Banks will have to set mortgage and business loan target
AIB and Bank of Ireland will be forced to set specific targets for dealing with distressed mortgages and lending to businesses and homebuyers in a new government deal.
The Coalition will also talk with Permanent TSB management about its plans now that its future is no longer in doubt.
The banks are due to exit the state bank guarantee next year, and the Government wants to know their plans for the economy.
Taoiseach Enda Kenny is revamping a cabinet committee to hold the banks to account.
As well as Tanaiste Eamon Gilmore, Finance Minister Michael Noonan and Public Spending Minister Brendan Howlin, he is bringing in Jobs Minister Richard Bruton, Social Protection Minister Joan Burton and Justice Minister Alan Shatter to scrutinise the banks.
The Government wants specific targets on:
• Lending of new money to businesses – not just rollover finance.
• Approval of mortgages for homebuyers.
• The number of mortgage arrears cases being dealt with.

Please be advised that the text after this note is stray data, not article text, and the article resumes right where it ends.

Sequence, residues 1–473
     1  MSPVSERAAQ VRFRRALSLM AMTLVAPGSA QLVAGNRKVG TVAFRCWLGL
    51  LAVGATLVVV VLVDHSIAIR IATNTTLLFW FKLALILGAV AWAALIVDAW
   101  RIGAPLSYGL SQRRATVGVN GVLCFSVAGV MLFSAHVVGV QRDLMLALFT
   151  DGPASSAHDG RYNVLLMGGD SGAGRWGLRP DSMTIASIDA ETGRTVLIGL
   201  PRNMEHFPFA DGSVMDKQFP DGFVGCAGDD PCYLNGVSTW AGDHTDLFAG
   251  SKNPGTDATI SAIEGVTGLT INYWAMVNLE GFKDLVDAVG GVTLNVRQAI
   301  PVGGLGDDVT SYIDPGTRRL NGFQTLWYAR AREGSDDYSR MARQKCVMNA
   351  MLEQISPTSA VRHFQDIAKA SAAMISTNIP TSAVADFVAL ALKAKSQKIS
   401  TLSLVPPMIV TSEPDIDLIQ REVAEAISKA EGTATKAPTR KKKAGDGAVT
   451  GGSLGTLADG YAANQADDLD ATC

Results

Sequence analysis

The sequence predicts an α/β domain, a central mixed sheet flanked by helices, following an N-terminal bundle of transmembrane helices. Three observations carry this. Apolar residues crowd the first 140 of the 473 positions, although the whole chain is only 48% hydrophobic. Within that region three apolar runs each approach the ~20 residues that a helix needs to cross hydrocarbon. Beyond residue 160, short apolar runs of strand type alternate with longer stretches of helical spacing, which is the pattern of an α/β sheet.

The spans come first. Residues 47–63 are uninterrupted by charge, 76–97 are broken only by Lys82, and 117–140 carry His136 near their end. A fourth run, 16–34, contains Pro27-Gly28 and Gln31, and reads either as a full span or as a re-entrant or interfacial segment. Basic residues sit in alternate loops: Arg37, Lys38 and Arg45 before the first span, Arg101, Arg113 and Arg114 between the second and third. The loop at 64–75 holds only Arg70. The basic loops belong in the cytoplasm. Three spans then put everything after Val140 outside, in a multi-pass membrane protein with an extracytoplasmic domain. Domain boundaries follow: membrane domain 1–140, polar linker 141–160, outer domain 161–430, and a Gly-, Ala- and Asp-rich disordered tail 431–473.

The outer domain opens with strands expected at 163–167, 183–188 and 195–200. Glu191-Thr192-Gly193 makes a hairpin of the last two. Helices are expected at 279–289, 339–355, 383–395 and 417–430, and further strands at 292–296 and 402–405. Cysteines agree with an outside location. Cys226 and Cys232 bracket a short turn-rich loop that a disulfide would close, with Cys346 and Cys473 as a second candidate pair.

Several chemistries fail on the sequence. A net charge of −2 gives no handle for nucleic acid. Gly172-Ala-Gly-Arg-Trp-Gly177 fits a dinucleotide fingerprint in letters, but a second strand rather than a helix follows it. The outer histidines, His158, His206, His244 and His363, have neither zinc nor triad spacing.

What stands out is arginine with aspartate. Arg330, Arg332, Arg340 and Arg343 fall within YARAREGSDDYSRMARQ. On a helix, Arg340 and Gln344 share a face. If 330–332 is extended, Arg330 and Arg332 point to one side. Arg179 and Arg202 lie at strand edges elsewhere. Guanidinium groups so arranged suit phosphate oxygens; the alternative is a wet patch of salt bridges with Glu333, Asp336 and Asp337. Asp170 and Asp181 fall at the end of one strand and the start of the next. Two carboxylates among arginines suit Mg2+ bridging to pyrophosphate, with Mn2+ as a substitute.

Some of the commitments agreed will end up in a Memorandum of Understanding with the EU-IMF bailout team. Mr Kenny said he expected to have a new deal done with the banks by March.
"That will include amending of the guarantee in order to reduce the funding costs of the banks and, more specifically, commitments by the banks on lending and dealing with mortgage arrears," he said.
The pillar banks have committed to lending €4bn each, but the Government wants to see a more detailed breakdown.
Meanwhile, the chairman of IBRC, the former Anglo Irish Bank, has accused Transport Minister Leo Varadkar of "gratuitously insulting" executives at the bank by questioning high pay at the state-owned institution. The comments were contained in an email sent by Alan Dukes to Mr Varadkar on November 12.
Mr Varadkar was contacted by Mr Dukes after he was quoted saying that "IBRC and state-controlled banks must respond swiftly to the growing demand for action on pay and pensions".
In his email, Mr Dukes also objected to the minister comparing the bank with a "debt-collection agency".
Mr Dukes said that objecting to the pay of current management at IBRC was like "blaming the team in the intensive care unit for the heart attack that brought the patient there".
The email was sent after the minister had called for action on high pay at nationalised banks, including IBRC.
The minister made his original comments after it emerged that six executives at IBRC were on more then €500,000 a year.
That is above the supposed cap imposed by the Government on pay in state-owned financial institutions.